... the Egyptian was the first Hollywood movie theater?
Back in the early Hollywood days, the awkward transition from live performance to recorded film was evidenced in the film premiere. These days, one merely sits back as the opening credits start to roll, but in the 1920s especially, the film premiere was made to be almost as big a production as the film itself. Sid Grauman personified the extremities of cinematic extravagance with his plush movie palaces, complete with vast stages for elaborate pre-show performances, skits, dance numbers, and songs. The theater-going experience was just that-- an "experience," and one ripe for the senses. In addition to transporting his paying customers and clientele to various different places as they watched the screen, Sid too constructed his theaters to resemble far off, exotic locales. Grandeur, splendor, pleasure-- there was no holding back, and customers paid to be awed. While his Chinese Theatre is best remembered, he too had great success with a previous venture, The Egyptian Theatre, which opened 5 years earlier in 1922, mere blocks away on Hollywood Boulevard (right). This was the first official Hollywood movie theater because it was built specifically for cinema and was not a transformed storefront or vaudeville theater like the others, including The Iris.
Modeled after the infamous African country, and cashing in on the invigorated interest in the recent King Tut phenomenon, Sid covered the Egyptian's walls with ancient artwork and hieroglyphics, convincing audiences that they were sitting in the midst of a desert mirage. Lining the red carpet entrance, where fans stood to watch their favorite stars attend premieres, there too were rows of vendors offering souvenir items and showcasing costumes and props from the latest flick. Needless to say, the largess made it a huge success. To Sid, it was all in the details. He even had a sentinel fully costumed, standing on the roof of the theater to announce when showtime was about to commence. After the pre-show hooplah, the fan mayhem, and the dancing girls, it's a wonder anyone had any energy left to even watch the scheduled movie. Because Sid created this first massive theater, he literally brought film to Hollywood, which until then wasn't considered the hub of the industry it is today. With studios scattered all around Los Angeles, Hollywood and cinema had little connection until Sid came along, which is why he was given the name "Mr. Hollywood." After nearly 90 years of operation, the Egyptian is still going, though it's interior has changed a great deal. Nonetheless, it remains the oldest running 100%-movie-theater in Hollywood.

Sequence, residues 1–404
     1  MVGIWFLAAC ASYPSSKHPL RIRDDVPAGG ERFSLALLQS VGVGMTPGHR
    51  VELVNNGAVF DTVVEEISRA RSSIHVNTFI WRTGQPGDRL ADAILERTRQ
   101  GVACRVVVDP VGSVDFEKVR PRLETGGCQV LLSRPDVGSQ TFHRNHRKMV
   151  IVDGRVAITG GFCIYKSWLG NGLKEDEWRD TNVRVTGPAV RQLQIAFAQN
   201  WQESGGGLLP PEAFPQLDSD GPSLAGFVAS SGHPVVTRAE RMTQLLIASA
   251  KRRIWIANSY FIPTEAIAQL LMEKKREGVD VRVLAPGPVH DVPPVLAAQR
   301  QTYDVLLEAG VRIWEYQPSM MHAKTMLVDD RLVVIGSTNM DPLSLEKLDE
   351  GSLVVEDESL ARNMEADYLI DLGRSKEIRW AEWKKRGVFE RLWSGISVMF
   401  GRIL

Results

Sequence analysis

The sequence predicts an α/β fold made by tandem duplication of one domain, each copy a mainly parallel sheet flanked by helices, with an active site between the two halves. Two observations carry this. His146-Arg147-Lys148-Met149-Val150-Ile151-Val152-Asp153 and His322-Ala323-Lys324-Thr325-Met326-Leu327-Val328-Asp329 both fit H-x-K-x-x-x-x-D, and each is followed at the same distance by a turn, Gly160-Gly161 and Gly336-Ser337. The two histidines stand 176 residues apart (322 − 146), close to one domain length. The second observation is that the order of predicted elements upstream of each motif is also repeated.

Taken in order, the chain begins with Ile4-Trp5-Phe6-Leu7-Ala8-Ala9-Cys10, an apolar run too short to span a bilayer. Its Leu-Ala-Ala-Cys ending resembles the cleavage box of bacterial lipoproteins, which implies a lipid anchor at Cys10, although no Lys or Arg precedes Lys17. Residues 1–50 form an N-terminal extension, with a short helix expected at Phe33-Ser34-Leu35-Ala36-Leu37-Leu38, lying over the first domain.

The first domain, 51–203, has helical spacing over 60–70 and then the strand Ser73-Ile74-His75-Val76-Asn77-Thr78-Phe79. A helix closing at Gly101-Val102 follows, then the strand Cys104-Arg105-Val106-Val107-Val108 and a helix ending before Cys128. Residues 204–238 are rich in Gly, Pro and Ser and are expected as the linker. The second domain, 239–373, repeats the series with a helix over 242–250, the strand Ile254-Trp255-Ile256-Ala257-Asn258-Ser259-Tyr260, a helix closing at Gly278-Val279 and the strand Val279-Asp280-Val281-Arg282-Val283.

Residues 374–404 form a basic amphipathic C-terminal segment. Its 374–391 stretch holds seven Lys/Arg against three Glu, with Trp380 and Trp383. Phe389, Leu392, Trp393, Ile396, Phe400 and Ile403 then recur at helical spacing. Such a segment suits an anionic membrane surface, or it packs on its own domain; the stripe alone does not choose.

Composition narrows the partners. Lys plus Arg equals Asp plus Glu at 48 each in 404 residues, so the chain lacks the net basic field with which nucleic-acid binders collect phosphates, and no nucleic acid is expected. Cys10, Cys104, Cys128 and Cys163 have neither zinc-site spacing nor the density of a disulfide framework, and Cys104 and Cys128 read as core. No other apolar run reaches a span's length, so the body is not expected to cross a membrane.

... "virgin" is a dirty word?
In 1953, Otto Preminger decided to tackle Hugh Herbert's smash play and turn it into a film. The Moon is Blue, a comedy of wit and manners, may have read like a modern Oscar Wilde play, but it translated like a bombshell. Opposing forces took offense to the very open and lighthearted dialogue with regard to sex. The film's heroine is a young, outspoken, and charming girl played by newcomer Maggie McNamara, who just happens to be a virgin and makes no apology about it. After she meets architect William Holden on the Empire State Building observation deck (where else?), he becomes completely smitten, but is mostly consumed with the idea of-- politely-- ridding her of the tedious "virgin" label. What results is a inept seduction with fellow suitor David Niven thrown into the mix and both boys realizing that they're no match for Maggie's smarts. Despite the fact that all ends well, in matrimony, MPPDA head Joseph Breen was hot under the collar due to the casual way with which sex was discussed, not to mention the open way in which the characters of Holden and Niven went about hatching plans to seduce their innocent prey. Breen refused to give the film the censorship's seal of approval, but Preminger released the film anyway with the help of United Artists. Such a thing was unprecedented. Due to the film's themes and the use of words like "seduction," "mistress," "pregnant," and "virgin"-- the latter of which had never been used in such context in a film before-- several theaters refused to show it. It started at small venues, slowly drumming up a fan following, and eventually earned a hefty $3.5m dollar profit. "Virgin" thus became the word that started the toppling of the production code administration. The film was additionally successful in earning McNamara an Academy Award nomination and winning Niven a Golden Globe, (which was doubly eventful for him, since originally the studio didn't want to cast him, thinking he was old news).
... porn is nearly as old as film itself?
That's right. We've all been dirty perverts a long, long time. It's nothing new. While some pinpoint early German sexual education/health films as the earliest source of pornography, the movie labeled as the first official stag film is 1915's A Free Ride (right). There is some debate as to the year of its release, which may actually have been later, around 1923, but thus far it is the oldest surviving product of our cinematic debauchery. The plot is about as intricate as those today: some random guy picks up some random girls on the side of the road. After he pulls to the side to relieve himself in the desert, one of the two females follows him to do the same. The sight of her panties dropping apparently is more than he can handle, and before you know it... Yadda yadda yowza! Because such levels of sexuality and outright raunchiness were illegal, the film was not released publicly but was instead shown in all-male clubs, so as not to offend delicate, female sensibilities-- excluding of course the two female leads. What can be said about this now hilarious attempt at celluloid erotica, is that the filmmakers apparently embraced its comedy. The director is credited as A. Wise Guy, the DP as Will B. Hard, and the title writer as Will She.